and who says “touch down”… I doubt your… um… ANY, ya that’s the word, I doubt you have ANY experience!

    • Sean

      um did you even read this, it said 300+ drops “Out of the 300-plus drops
      that Gillis has coordinated, there have only been three
      search-and-rescue calls” that’s not 300+ a day, that’s 300+ total over
      all drops

  • Roger

    Do the heli pilots have a permit to go where the club members are being dropped?

    • Shaun Keller Gillis

      Of course

      • noname

        What kind of permit? Because a permit to drop skiers/boarders off with the intent of skiing is called a tenure…

  • BS

    why was this article even written? so we all know that Shaun Gillis is a attention-seeking douchebag?

    • don’t hate

      1) commercial operations (such as heliski companies) require tenure. Renegade Heli club is not a commercial operation so would not need tenure to land on crown land.
      2) this arguement is inane. “I don’t want Renegade Heli to do drops because it’s going to ruin it for ME”. So really, it’s about you and your friends really. Sorry sounds like priveledged, pretententious crap to me.
      3) Yup, there are some inexperienced people who go out on the heli drops. Um, wake up everyone, there always has been. This is not a new thing even before renegade heli. The mass of skiers around Whistler are predominately alpine skiers…this isn’t La Grave. In whistler if you ski the Aussie your considered an experienced ski mountaineer anyways.
      I am certain that the some people love to hate the renegde crew is because it has allowed the regular person, those who aren’t sponsored or semi sponsered or want to be sponsored atheletes on heli drops where only the elite, connected bros have gone.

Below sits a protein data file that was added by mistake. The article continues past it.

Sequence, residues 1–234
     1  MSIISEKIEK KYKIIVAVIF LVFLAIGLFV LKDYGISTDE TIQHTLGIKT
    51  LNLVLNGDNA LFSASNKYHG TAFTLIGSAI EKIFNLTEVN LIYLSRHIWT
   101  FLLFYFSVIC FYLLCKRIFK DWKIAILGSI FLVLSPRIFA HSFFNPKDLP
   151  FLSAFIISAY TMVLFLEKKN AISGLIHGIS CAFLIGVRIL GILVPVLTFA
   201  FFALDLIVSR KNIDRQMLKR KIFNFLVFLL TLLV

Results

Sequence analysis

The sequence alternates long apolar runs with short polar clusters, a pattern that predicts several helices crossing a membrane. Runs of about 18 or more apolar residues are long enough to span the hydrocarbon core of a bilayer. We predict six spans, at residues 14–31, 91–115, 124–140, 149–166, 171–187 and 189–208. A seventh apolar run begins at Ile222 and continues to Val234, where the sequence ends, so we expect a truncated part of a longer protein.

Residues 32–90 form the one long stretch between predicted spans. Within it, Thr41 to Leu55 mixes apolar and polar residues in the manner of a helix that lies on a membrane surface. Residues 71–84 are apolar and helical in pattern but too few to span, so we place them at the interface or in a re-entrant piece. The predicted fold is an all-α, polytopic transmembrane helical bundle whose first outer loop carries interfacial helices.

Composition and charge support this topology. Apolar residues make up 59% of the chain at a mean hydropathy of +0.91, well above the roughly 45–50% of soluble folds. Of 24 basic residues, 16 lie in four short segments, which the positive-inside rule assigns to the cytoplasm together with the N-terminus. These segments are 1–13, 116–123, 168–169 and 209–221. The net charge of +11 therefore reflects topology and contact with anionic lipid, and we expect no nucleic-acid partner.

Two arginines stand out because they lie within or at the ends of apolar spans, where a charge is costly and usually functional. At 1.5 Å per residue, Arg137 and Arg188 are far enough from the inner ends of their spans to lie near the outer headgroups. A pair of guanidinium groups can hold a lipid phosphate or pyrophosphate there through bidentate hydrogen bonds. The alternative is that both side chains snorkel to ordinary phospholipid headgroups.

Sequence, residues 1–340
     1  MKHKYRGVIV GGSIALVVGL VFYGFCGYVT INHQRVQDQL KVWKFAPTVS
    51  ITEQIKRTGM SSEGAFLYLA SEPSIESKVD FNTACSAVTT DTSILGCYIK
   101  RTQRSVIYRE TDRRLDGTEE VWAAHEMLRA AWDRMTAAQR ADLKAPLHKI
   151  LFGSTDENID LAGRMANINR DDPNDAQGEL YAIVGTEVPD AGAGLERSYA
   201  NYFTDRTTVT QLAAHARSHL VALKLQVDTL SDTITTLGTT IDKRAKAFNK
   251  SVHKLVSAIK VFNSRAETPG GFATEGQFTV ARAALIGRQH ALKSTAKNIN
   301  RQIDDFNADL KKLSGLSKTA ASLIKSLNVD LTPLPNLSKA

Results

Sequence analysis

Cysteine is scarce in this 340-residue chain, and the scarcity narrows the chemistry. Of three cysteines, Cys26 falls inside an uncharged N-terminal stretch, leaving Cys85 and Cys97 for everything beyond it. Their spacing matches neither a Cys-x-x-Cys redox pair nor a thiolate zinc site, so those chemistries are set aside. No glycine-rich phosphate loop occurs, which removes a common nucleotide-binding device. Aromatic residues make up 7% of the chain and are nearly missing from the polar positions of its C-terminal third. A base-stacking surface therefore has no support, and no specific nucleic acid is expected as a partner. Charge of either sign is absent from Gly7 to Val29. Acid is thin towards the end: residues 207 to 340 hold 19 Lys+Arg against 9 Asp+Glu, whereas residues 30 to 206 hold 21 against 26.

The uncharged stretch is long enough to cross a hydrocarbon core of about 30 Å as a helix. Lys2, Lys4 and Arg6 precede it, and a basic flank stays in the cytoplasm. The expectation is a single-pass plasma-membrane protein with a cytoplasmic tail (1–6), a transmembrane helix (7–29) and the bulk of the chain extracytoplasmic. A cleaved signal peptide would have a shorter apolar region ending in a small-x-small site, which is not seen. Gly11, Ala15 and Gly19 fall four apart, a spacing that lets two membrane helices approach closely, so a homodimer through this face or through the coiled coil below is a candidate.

• noname

        Some good points!, however… They are flying in a commercial helicopter, owned and operated by a commercial operator… so yes, it IS a commercial operation. Technically, anyone flying for “reward” (money) is a commercial operation according to transport Canada. So, being a commercial operation leads to two things, 1. a tenure IS required to drop skiers off. 2. There is a different type of insurance that the operator is required to have for heli-skiing. Which I’m sure Blackcomb has, as they do “actual” heli-skiing. You know… the kind that people do after they’ve warmed up the machine for 30 mins.

        • donthate

          By commercial operation I am referring to a commercial heliski operation which has tenure over crown land. You are incorrect however. When Mike King flies me into the Tiedmann Glacier with my skis or my rock climbing gear he does not have to have tenure up there. Helicopter pilots would not make any money if they had to have tenure for every single place they drop people off. I hire helicopters all the time to fly in different areas where I get dropped off and picked up, no way they have tenure. Multiple picks up – different story, that is a grey area. I don’t know about the insurance side of it.

          • donthate

            multiple picks up with skiing I mean, my bad. where it is technically heli-skiing, companies that are doing that are def breaking rules and should probably have tenure. single drop off, no way.

    • BSS

      curious – is everyone who gets media attention a douche-bag? because half of whistler is trying to get published because they are rad. just saying.

  • runningclouds

    Where exactly is this 2500 m couloir? ;) I have been backcountry skiing for 20 years and I have not found a couloir like this. The Y on Mt. Currie might be 2000 if you count vertical between the river and the peak but I would never call that a 2000 m couloir, let’s be honest here.

    Lot of inaccuracies here, starting with the 30 minute warm up and that you have to know the pilot etc. And I really don’t see reason to publicize this unless looking for “fame”.

    At some point Mike Wiegele might have done 300 drops a day. First time I was there we did 15, 12 and 14 runs in three days. This was Bell 212 that was shared by three groups and there were three 212s flying. So 3 x 15 x 3 = 135 plus 3 or 4 private and semi-private A-Stars. I am sure with them the daily drop was pretty close to 200. And this was after the 2008 crash when hell-skiing visits dropped off sharply. Add CMH and the rest of the operators and the daily drops per day in high season must be over 500. Of course if you count skier drops (as opposed to hell landings) the number skyrockets.